In those first couple of months I probably finished more individual pieces than I had for all of 2019, though by late summer, as things seemed briefly like they were trending toward “normal” and a whole new kind of stress (re-emergence stress as well as pandemic burnout) popped up, my creative energy began to ebb. Since then it has been an up and down ride of spurts of sewing focus followed by general malaise that couldn’t be filled with Jane Austen movies, good fiction, bad fiction, stupid app games, or even sewing.
But here it is now in June of 2021, on the other side of the “second wave,” when at least half the country is now vaccinated, and though we can’t say yet that the pandemic is truly over, this is as thorough an accounting as I can manage, for the moment, of the projects that got me through it. So far.Continue reading
Back in early October 2019 I heard that Burnley & Trowbridge, purveyor of my favorite fabrics, kerchiefs, and other goods, would be holding a minimarket in February of 2020. Since making a trip to Colonial Williamsburg had been on my travel “to-do” list for a couple of years, and I assumed the minimarket would bring other costumers into town for the weekend, I decided it was a perfect opportunity to finally make the trip. That was further reinforced when Colonial Williamsburg announced that the same weekend would be a “Fashion Days” weekend, featuring programming specific to the clothing culture of the area. And coming off the high of having finished my Saratoga Dress, I immediately got ahead of myself with grand plans of finishing a bunch of UFOs and making a new riding habit (a hand-sewn one at that) for the weekend. I booked my stay at one of the Williamsburg hotels, and then sat down to plan.Continue reading
For quite a long while now it has been my intention to synchronize my online handles and change them to something that makes more sense for what I use my online presence for. My online life has become centered around costuming, and I want to do more programs and presentations about costuming in my area, so to make it easier for people to remember how to find me online, I’ve changed my blog title and my Instagram username to The Victorian Archivist. The name comes from the fact that my Real Job is as a librarian who does some work in the archives at our library, and I tend to find excuses to wear my historical costumes to work (or just around town). So I’m that librarian lady who wears Victorian clothes, hence, The Victorian Archivist.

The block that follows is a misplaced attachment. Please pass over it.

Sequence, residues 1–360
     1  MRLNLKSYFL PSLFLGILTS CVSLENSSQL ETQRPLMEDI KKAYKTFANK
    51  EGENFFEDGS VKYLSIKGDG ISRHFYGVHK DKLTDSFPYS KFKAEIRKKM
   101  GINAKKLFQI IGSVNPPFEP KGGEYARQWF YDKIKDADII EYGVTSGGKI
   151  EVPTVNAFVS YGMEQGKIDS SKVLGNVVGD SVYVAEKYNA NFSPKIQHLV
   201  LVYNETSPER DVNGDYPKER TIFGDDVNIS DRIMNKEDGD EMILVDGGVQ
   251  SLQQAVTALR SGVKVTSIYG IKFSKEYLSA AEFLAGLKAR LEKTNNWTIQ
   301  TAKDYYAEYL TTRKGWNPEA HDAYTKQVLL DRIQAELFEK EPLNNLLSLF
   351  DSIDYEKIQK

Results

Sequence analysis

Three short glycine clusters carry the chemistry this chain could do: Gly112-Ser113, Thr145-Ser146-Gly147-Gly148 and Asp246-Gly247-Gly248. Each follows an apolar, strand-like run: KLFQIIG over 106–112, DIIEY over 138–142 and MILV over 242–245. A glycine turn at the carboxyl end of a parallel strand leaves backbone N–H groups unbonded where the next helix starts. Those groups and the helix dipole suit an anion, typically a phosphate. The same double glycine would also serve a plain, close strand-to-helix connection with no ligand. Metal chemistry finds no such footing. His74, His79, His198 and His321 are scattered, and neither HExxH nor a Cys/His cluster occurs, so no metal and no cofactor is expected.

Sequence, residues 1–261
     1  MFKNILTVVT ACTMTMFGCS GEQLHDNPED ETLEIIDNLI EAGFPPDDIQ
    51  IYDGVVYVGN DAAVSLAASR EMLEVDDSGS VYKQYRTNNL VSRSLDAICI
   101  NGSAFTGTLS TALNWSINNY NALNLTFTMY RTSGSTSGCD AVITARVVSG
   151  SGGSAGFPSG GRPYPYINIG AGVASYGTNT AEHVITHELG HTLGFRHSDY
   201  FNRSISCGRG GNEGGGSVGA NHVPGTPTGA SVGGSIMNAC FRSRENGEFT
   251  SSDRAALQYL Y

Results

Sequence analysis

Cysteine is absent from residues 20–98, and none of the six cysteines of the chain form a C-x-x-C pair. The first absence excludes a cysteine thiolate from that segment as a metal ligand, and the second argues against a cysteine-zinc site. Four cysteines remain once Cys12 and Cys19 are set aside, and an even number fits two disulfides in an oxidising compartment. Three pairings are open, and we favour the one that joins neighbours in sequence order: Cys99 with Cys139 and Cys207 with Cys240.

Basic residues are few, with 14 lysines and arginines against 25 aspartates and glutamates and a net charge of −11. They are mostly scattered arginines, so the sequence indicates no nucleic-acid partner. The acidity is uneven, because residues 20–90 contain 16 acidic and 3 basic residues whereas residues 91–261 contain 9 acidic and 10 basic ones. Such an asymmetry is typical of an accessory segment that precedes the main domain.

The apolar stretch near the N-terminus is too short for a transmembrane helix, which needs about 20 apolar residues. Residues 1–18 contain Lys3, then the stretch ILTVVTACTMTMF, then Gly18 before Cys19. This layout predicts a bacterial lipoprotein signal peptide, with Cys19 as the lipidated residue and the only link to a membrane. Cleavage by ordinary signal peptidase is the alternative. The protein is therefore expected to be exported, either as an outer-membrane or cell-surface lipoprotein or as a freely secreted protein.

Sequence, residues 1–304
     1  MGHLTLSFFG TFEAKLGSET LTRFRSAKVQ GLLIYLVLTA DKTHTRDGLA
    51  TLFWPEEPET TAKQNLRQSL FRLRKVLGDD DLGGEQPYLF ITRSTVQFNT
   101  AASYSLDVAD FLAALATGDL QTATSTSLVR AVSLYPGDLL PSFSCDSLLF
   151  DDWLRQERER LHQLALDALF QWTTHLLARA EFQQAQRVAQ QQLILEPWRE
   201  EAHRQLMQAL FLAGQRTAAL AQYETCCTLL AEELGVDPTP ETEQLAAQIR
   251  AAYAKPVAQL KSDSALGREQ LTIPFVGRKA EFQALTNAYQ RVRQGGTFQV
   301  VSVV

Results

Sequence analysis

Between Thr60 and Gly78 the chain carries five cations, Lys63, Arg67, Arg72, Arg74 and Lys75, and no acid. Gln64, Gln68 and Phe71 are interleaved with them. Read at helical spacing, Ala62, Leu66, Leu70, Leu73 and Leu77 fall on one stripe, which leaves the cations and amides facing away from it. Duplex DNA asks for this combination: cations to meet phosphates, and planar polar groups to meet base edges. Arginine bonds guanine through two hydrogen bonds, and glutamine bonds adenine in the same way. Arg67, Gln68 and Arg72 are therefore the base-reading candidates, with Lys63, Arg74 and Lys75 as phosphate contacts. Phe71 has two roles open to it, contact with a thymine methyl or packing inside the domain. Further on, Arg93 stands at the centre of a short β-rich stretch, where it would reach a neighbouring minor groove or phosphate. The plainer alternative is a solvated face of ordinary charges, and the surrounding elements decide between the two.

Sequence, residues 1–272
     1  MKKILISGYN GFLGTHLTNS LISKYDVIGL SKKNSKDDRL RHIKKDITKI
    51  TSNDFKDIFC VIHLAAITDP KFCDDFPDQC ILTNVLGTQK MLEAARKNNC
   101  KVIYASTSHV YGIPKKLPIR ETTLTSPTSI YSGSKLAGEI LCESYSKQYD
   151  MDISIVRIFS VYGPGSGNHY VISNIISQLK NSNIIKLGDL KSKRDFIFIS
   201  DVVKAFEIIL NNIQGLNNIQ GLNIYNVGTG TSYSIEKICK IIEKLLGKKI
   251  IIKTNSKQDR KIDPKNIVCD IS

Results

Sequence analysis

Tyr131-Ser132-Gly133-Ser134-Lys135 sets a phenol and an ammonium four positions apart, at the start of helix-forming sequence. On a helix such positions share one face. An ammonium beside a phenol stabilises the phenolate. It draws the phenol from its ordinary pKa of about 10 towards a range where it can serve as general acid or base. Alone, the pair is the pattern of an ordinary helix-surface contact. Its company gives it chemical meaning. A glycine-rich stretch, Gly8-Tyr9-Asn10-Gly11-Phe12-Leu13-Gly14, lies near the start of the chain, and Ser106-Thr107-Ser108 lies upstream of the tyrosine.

The content I post will remain pretty much the same. You may see a bit more about archival costume illustrations or patterns now and then, but my focus will still be on creating costumes and posting about my construction process.
Does the new name mean I will only be sewing Victorian costumes now? No, I will still be sewing other eras as well; Victorian just seems to be the most recognizable and nameable era to the general public, so Victorian Archivist is easier to remember and catchier than, say, the 18th Century Archivist. Or the Historical Costuming Archivist.
I look forward to bringing you more historical costuming content under my new name! I still haven’t shared all of the pretty finished photos of my Saratoga dress, so that will be coming very soon!
This post is going to be a bit different from my usual posts about my sewing projects and processes. This is a review of sorts of my experiences purchasing from a website that I learned about from other costumers. I’ve only been able to find one other blogger’s review of their experiences with the site, so I want to contribute my narrative to the community in hopes that it will help someone else make an informed decision when deciding where to purchase their fabrics.
In order to construct the skirt of the Saratoga dress, I relied on a combination of basic printed patterns, draping, and drafts of extant patterns reprinted in books to get the look that I was going for. The original skirt looks like it consists of several layers of overlapping fabric, so a lot of experimentation had to be done to get the angles and overlaps right.
Once I had chosen the dress for my project, I had to develop a pattern for the bodice. I didn’t want to simply use a paper pattern that had already been developed by someone else; I wanted to do my best to draft a new pattern that would mimic the original image as closely as possible. For this I turned to Fashions of the Gilded Age by Frances Grimble.